Decided: October 9, 1961.
J.L. QUERNER TRUCK LINES, INC., A CORPORATION, PLAINTIFF-RESPONDENT,
SAFEWAY TRUCK LINES, INC., A CORPORATION, DEFENDANT-APPELLANT
For affirmance -- Chief Justice Weintraub, and Justices Jacobs, Francis, Proctor, Hall, Schettino and Haneman. For reversal -- None. The opinion of the court was delivered by Proctor, J.
[35 NJ Page 565] Plaintiff, J.L. Querner Truck Lines, Inc. (herein Querner) brought this action against Safeway Truck Lines, Inc. (herein Safeway) to recover property damages sustained by Querner's trailer when it was hauled by a tractor under a bridge with insufficient clearance. Querner contended that Safeway's agent, Salvato, negligently directed or permitted Lash, the driver of the tractor-trailer,
[35 NJ Page 566]
to so proceed. After the parties presented their evidence, the trial court granted Safeway's motion to dismiss, ruling that Querner failed to establish any agency relationship to bind Safeway and that Lash was conclusively guilty of contributory negligence. The Appellate Division reversed and remanded, finding that the agency and contributory negligence issues should have been resolved by the jury. 65 N.J. Super. 554 (1961). There being a dissent in the Appellate Division, Safeway's appeal is here as of right. R.R. 1:2-1(b).
Since the trial court ruled that the evidence did not present a jury question, we must view the facts of the entire case and legitimate inferences to be drawn therefrom in the light most favorable to Querner. Melone v. Jersey Central Power & Light Co., 18 N.J. 163, 170 (1955).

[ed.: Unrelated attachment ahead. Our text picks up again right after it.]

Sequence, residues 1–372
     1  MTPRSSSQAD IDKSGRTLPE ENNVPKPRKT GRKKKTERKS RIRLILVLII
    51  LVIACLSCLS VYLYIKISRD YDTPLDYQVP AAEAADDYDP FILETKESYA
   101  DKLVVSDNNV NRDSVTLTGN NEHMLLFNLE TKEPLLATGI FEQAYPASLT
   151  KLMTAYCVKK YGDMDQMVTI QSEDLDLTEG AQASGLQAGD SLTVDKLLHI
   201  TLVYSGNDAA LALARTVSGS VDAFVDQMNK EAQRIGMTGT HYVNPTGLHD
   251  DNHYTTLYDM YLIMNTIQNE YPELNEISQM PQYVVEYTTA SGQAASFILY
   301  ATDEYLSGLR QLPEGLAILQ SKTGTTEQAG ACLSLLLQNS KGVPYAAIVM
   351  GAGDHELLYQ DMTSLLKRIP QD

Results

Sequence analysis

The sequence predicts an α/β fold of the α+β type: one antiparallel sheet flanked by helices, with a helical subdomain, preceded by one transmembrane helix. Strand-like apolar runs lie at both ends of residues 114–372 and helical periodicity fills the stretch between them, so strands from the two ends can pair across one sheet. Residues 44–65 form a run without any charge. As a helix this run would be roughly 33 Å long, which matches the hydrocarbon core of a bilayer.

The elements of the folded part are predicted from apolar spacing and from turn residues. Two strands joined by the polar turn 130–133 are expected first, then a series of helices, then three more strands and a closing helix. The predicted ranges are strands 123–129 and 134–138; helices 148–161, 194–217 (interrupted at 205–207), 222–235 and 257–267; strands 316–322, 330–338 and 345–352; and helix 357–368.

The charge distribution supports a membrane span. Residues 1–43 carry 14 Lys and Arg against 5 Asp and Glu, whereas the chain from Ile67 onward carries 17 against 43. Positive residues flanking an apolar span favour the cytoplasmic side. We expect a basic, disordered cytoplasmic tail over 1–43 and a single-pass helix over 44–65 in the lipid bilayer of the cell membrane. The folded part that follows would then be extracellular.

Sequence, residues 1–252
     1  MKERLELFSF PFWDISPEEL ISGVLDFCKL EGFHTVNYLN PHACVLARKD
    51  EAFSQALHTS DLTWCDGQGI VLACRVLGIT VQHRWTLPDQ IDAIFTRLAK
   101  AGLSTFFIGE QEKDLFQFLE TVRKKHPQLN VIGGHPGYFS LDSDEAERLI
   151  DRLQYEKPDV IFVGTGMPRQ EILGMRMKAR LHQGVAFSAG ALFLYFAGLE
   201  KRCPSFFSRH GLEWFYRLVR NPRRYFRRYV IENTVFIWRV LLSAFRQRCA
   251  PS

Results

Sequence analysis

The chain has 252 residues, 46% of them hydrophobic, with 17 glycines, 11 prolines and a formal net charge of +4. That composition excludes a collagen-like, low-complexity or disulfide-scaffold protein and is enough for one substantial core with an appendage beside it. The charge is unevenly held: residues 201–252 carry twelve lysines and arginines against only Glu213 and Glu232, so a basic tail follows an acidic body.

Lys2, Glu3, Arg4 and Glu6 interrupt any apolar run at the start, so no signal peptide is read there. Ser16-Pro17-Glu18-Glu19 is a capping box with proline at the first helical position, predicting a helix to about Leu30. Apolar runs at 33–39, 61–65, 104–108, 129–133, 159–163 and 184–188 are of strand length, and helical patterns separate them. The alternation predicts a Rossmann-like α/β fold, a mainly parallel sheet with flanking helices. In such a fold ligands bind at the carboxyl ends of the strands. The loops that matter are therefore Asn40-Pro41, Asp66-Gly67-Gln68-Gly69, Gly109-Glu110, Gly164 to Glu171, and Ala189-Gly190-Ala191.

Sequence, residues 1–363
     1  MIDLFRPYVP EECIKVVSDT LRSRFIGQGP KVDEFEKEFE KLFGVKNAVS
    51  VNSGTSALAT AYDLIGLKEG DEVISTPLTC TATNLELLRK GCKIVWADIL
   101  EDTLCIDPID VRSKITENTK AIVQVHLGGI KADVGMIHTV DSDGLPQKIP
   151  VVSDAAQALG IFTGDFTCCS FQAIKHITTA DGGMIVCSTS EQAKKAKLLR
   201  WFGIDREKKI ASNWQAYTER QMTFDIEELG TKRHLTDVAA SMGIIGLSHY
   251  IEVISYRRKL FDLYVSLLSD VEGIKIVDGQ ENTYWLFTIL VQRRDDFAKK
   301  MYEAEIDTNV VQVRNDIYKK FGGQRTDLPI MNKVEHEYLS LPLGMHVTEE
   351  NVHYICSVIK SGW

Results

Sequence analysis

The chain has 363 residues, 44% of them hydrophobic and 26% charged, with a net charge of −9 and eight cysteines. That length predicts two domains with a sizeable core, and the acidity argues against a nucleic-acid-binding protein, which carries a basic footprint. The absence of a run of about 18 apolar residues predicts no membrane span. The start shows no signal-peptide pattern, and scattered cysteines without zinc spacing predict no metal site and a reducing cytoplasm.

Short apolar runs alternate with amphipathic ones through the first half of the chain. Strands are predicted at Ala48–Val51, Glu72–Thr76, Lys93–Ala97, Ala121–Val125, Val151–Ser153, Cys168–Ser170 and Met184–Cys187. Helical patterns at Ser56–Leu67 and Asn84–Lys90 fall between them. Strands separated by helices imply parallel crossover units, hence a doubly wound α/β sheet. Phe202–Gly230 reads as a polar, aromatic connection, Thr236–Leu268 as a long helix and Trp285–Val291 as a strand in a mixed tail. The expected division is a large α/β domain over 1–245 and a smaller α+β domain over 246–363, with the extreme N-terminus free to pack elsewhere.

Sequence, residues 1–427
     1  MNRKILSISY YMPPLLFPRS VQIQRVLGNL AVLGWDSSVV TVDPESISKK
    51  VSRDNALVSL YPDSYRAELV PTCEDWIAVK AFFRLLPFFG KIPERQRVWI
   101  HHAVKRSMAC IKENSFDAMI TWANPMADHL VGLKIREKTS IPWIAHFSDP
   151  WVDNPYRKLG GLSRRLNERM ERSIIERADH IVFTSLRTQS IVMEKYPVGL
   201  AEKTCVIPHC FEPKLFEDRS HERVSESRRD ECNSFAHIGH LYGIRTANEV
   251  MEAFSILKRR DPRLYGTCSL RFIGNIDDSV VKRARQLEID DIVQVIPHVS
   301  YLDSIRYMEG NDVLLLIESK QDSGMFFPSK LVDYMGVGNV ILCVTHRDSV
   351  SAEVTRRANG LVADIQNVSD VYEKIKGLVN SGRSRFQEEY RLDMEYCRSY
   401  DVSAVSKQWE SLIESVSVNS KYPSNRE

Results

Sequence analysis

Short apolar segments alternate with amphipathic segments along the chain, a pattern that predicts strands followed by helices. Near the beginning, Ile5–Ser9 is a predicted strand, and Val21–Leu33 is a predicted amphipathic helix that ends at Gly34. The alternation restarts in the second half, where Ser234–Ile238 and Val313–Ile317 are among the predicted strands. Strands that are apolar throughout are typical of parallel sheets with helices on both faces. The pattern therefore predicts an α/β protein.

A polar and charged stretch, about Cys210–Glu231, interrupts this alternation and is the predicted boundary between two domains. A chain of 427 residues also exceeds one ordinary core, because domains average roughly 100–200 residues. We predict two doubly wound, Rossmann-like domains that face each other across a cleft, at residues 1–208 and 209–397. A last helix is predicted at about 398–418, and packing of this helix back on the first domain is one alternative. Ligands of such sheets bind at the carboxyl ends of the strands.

The jury could have found the following facts: Querner, a lessor of trucks, leased the tractor-trailer with the services of its driver, Lash, to Safeway for the purpose of transporting a load of meat from New York to Chicago. Lash drove the tractor-trailer to Safeway's Weehawken terminal in Hudson County. Safeway's dispatcher, D'Amato, told Lash to drive the rig to a pier in New York City to pick up the load of meat and to return to the Weehawken terminal before proceeding to his ultimate destination. Lash, a Texan, had never been in Hudson County before and thus was unfamiliar with the route to the pier. Consequently, D'Amato did not give him the New York address but instead gave it to Salvato, an eighteen year old employee of Safeway, who sat in the cab beside Lash during the trip. Salvato's duties were two-fold: to help load the meat and to direct Lash along the route. In this latter capacity, D'Amato described Salvato as a "sight-man" whose duty was "to see that the truck got over to New York * * * and back to the * * * Terminal."